All applications to build hotels in the Chihai Cultural Park area are in violation of a deal that the Taipei City Government made with the Ministry of National Defense (MND) in 2008 and would be subjected to close examination, the ministry said yesterday.
The ministry said it had ceded to the Taipei City Government the land on which the Republic of China Navy’s Dazhi Camp had stood to be used to build Chihai Cultural Park. The former residence of late president Chiang Ching-kuo (蔣經國) was to remain at the center of the park.
In 2006, the residence was declared a heritage site by the city government.
The east end of the park would be close to Navy Command Headquarters, its west end would be close to the National Security Bureau and its south end would connect to Beian Road. The park would include the Chihai residence, Chihai lake and a parking area, and would occupy roughly 39,782m2. It would be operated by ministry-approved companies for 50 years.
However, local media yesterday reported that the city government was reviewing operate-transfer (OT) and build-operate-transfer (BOT) projects for the park, with one of the two applicants requesting permission to build a hotel on park grounds.
The OT and BOT models would allow private companies to operate buildings or sites in the park for a number of years after the government builds it. After the contracted period ends, the site or building would be returned to the government.
The Taipei City Government’s Department of Finance said that both projects were acceptable because they adhered to the prerequisites that the government would not subsidize, fund or segment ownership of the land.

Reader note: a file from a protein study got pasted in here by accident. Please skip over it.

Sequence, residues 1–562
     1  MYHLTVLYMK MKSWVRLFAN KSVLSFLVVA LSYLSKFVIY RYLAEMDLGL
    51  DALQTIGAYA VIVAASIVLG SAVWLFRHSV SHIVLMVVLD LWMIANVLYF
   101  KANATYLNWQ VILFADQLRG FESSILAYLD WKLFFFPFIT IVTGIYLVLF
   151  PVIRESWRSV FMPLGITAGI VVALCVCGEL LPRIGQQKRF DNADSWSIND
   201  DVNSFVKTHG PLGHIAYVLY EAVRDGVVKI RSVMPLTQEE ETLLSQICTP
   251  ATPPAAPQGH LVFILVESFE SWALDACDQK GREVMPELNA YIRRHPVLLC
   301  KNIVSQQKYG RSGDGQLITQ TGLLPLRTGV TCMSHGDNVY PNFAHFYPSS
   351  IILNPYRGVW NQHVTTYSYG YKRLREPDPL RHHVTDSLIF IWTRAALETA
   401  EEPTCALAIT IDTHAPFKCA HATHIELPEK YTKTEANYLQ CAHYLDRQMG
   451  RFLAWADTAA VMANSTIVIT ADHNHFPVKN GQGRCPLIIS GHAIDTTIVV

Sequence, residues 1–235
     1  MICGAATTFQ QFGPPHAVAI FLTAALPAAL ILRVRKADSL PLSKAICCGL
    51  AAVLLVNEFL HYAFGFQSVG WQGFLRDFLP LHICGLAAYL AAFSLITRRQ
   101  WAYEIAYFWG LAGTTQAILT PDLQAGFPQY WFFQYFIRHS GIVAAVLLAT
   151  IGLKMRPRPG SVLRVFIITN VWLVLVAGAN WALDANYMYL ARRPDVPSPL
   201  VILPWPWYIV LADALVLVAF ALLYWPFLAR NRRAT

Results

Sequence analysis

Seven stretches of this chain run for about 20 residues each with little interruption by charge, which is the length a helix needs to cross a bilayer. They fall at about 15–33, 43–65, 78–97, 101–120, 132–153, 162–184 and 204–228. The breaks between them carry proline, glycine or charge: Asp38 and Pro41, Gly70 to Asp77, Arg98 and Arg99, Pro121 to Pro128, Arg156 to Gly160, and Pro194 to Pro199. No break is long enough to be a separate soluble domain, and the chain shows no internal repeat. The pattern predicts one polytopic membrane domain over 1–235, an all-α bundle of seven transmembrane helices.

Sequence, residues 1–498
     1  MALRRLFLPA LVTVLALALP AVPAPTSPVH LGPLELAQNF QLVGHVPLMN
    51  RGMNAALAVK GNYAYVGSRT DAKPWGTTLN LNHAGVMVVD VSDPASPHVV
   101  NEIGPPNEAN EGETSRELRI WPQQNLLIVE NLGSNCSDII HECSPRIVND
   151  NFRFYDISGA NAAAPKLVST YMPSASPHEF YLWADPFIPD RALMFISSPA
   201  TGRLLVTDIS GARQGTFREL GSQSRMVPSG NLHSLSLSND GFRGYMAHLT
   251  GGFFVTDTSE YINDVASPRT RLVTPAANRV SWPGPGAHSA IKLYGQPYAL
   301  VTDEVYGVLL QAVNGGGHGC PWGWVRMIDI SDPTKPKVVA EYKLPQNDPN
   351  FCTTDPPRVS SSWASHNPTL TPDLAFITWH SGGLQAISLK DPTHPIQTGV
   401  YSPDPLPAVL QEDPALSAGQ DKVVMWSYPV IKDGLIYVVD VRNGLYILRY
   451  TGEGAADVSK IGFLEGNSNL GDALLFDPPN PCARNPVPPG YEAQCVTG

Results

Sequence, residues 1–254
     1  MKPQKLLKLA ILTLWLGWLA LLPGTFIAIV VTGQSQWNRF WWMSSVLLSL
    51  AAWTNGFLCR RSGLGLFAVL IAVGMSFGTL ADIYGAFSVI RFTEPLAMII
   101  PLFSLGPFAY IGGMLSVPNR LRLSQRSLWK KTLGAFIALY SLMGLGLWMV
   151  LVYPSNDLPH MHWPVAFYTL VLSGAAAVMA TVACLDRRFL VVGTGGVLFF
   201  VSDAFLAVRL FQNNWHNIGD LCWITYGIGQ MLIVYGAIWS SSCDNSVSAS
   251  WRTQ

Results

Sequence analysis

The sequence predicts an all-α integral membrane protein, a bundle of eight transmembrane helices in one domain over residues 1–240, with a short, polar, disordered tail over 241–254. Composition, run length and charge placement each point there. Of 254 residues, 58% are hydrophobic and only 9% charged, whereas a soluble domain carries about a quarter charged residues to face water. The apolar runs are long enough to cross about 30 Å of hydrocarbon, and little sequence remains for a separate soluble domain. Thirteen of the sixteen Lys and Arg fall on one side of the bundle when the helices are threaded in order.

The department said it wanted companies to preserve the heritage sites, adding that in the future, the Chingkuo Chihai Cultural Park would include a library dedicated to the former president and would become a tourist hotspot.
To preserve the park’s landscape, a 15m height limit for buildings in the area would be imposed and no buildings would be allowed to be more than three stories high, the department said.
In response to the media reports, the ministry yesterday said that when the Taipei City Government approached it in 2008, the plans had only included the construction of a library dedicated to the former president on the park grounds.
The land was ceded to the city with the understanding that no construction on the site would impact national security, the ministry said.
The government’s BOT model includes civilian investments and a hotel on park grounds, the ministry said, adding that these plans were not included in the deal struck between the ministry and the city government.
Ministry officials said they would study all proposals very carefully.
The ministry said it would cooperate with the city government to “preserve natural heritage, benefit the public and protect national security.”